The City of Newton and the Newton Fire Department recently held dedication ceremonies for their new Engine 2 and Medic 1. These ceremonies are an important tradition in the fire service, similar to how the armed forces have their traditions. The fire service values and respects its long-standing customs, from the iconic bagpipe music to the ceremonial push-in of the fire truck. Fire departments across North America have celebrated the arrival of new vehicles with pride for more than a hundred years. In recent times, the push-in ceremony has become more popular. Since fire trucks and ambulances are significant investments for communities, the push-in ceremony brings people together to witness their tax money being well-spent in a formal event.
In the 17th century, early fire engines, ladder wagons, and other equipment had to be manually pushed back into the station after each call. In the 18th century, horse-drawn steam engines were introduced, which could be backed up. However, aligning the engine's steam connections with the station's steam connections was challenging due to controlling the horses. As a result, the horses were usually disconnected, and the engine was pushed back into the station by hand. After fighting fires, the firefighters would clean the horses and equipment, preparing them for the next call. Even when the first motorized fire engine was introduced in the early 19th century, the firefighters continued the tradition of the push-in ceremony, which became a way to commemorate each new purchase of fire apparatus along with a wet down ceremony. Today, this symbolizes the importance of water in firefighting and reminds firefighters of their commitment to protecting the community.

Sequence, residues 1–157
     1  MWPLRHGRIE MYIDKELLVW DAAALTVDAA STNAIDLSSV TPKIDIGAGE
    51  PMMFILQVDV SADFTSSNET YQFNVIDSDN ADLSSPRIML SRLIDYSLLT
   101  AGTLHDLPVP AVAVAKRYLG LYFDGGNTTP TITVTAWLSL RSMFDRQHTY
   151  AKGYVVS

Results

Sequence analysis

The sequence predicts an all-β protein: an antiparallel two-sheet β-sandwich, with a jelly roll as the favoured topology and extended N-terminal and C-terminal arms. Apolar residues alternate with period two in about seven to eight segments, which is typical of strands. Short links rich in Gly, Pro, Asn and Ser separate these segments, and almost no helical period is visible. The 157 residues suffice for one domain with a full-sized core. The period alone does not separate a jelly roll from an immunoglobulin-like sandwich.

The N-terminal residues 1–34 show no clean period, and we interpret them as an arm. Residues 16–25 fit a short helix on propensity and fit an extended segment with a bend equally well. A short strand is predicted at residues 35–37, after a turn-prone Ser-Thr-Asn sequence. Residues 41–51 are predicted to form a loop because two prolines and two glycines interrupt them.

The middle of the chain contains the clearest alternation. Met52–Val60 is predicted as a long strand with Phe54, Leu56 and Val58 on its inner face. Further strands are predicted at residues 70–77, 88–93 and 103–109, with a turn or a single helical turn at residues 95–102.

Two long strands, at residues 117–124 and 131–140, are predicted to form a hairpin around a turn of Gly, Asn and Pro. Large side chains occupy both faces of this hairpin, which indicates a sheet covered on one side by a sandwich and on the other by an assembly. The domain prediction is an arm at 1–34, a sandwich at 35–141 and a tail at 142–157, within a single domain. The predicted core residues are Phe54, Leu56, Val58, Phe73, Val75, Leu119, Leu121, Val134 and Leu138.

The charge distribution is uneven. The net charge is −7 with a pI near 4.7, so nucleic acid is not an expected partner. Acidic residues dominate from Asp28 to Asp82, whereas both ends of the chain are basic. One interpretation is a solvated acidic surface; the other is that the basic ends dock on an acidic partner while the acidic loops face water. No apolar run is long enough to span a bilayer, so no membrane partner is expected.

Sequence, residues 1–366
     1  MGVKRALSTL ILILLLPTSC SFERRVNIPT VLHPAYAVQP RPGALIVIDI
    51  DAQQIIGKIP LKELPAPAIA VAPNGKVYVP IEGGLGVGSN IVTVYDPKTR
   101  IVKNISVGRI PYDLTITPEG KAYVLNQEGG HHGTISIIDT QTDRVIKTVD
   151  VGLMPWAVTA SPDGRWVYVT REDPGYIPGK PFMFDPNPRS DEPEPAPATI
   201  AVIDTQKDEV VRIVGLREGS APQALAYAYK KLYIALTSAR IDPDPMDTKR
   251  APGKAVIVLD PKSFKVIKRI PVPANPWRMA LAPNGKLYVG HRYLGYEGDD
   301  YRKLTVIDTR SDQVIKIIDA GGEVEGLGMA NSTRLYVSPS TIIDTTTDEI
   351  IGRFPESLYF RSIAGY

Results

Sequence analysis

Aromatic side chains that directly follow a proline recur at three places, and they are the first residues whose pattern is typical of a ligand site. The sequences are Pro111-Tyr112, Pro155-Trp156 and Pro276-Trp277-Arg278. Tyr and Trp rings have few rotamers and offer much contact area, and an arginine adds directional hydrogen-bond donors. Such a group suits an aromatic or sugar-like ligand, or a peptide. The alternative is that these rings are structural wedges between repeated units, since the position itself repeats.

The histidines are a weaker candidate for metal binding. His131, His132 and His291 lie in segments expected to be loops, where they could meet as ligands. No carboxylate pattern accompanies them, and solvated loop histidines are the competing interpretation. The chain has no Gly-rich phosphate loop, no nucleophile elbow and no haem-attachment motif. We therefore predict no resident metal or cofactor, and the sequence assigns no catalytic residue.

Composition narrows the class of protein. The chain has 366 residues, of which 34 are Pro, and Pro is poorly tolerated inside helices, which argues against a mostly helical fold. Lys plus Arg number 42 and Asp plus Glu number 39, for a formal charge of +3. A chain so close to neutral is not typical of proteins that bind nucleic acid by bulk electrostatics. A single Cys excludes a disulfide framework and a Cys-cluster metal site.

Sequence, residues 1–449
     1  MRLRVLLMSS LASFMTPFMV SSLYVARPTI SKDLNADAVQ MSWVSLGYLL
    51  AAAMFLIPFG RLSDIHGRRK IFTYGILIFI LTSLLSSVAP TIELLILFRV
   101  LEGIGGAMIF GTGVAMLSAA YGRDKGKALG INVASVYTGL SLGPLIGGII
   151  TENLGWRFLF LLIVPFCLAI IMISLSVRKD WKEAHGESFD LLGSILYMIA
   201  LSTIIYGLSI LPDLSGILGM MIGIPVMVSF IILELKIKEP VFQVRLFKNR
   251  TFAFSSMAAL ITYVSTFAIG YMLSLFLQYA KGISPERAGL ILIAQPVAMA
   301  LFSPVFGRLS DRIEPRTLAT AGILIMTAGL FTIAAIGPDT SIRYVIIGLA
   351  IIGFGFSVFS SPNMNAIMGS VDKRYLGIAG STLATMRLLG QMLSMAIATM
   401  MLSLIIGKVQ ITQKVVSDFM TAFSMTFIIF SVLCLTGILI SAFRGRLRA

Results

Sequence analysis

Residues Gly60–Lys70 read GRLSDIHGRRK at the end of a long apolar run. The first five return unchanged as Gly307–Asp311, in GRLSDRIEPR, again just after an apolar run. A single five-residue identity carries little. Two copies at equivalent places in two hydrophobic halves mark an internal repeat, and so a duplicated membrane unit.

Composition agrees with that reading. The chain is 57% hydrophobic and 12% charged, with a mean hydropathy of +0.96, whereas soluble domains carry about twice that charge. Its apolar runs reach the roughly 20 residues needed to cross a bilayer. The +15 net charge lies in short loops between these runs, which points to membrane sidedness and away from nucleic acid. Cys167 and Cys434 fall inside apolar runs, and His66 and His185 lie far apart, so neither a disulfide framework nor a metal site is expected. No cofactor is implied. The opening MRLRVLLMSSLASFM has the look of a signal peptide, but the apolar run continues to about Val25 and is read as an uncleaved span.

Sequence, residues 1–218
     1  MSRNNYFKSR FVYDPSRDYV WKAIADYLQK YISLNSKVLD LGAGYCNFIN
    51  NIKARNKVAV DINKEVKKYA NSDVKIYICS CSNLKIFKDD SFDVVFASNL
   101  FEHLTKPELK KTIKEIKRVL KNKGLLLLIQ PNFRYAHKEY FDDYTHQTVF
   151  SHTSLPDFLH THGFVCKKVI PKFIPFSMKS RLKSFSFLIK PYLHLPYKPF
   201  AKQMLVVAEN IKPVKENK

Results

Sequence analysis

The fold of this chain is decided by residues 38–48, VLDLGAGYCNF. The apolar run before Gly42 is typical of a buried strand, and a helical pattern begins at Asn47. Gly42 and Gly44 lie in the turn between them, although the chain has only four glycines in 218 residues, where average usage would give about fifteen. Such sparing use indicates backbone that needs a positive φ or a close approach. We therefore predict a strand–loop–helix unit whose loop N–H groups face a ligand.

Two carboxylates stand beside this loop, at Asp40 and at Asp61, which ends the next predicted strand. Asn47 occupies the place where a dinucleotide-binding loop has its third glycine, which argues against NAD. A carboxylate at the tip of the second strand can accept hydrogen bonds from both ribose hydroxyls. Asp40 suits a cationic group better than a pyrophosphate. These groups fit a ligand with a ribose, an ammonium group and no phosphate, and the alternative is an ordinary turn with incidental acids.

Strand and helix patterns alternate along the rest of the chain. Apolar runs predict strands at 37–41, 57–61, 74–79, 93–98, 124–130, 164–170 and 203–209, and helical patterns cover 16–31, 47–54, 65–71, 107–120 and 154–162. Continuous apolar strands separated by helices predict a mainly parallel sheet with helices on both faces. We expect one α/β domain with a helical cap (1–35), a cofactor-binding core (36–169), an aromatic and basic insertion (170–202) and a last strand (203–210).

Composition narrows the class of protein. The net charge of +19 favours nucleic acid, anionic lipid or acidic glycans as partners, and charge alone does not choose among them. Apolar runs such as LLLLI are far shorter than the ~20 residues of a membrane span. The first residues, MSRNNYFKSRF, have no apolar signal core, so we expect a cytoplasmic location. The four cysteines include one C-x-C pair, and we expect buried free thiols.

Modern fire trucks are much larger than those used centuries ago, physically pushing them into the station impractical. However, breaking tradition is not an option, so fire departments have found creative solutions. Some departments have modified their push-in ceremonies by having one crew member back the unit into the station while the rest of the firefighters walk alongside the fire truck in their uniforms. The modification simulates the act of pushing in and continues to honor the symbol of dedication and unity that has been important to fire departments for hundreds of years.
Before the truck is "pushed in," the fire chief usually gives a speech, and the fire chaplain provides a blessing. The ceremony connects the community with the critical work of the fire service but also sparks interest in future generations of firefighters. The dedication concludes with a public radio transmission announcing the availability of the new unit for service. Modern push-in ceremonies often include complimentary snacks, refreshments, and various enjoyable activities. A community wet down is also a significant part of most push-in ceremonies. In our recent ceremony, Bagpiper Ron Husted performed traditional bagpipe music. Fire Chaplain Beau Church offered a blessing focused on the new equipment and the firefighters/paramedics who will use it to provide safety services to Newton's residents and visitors.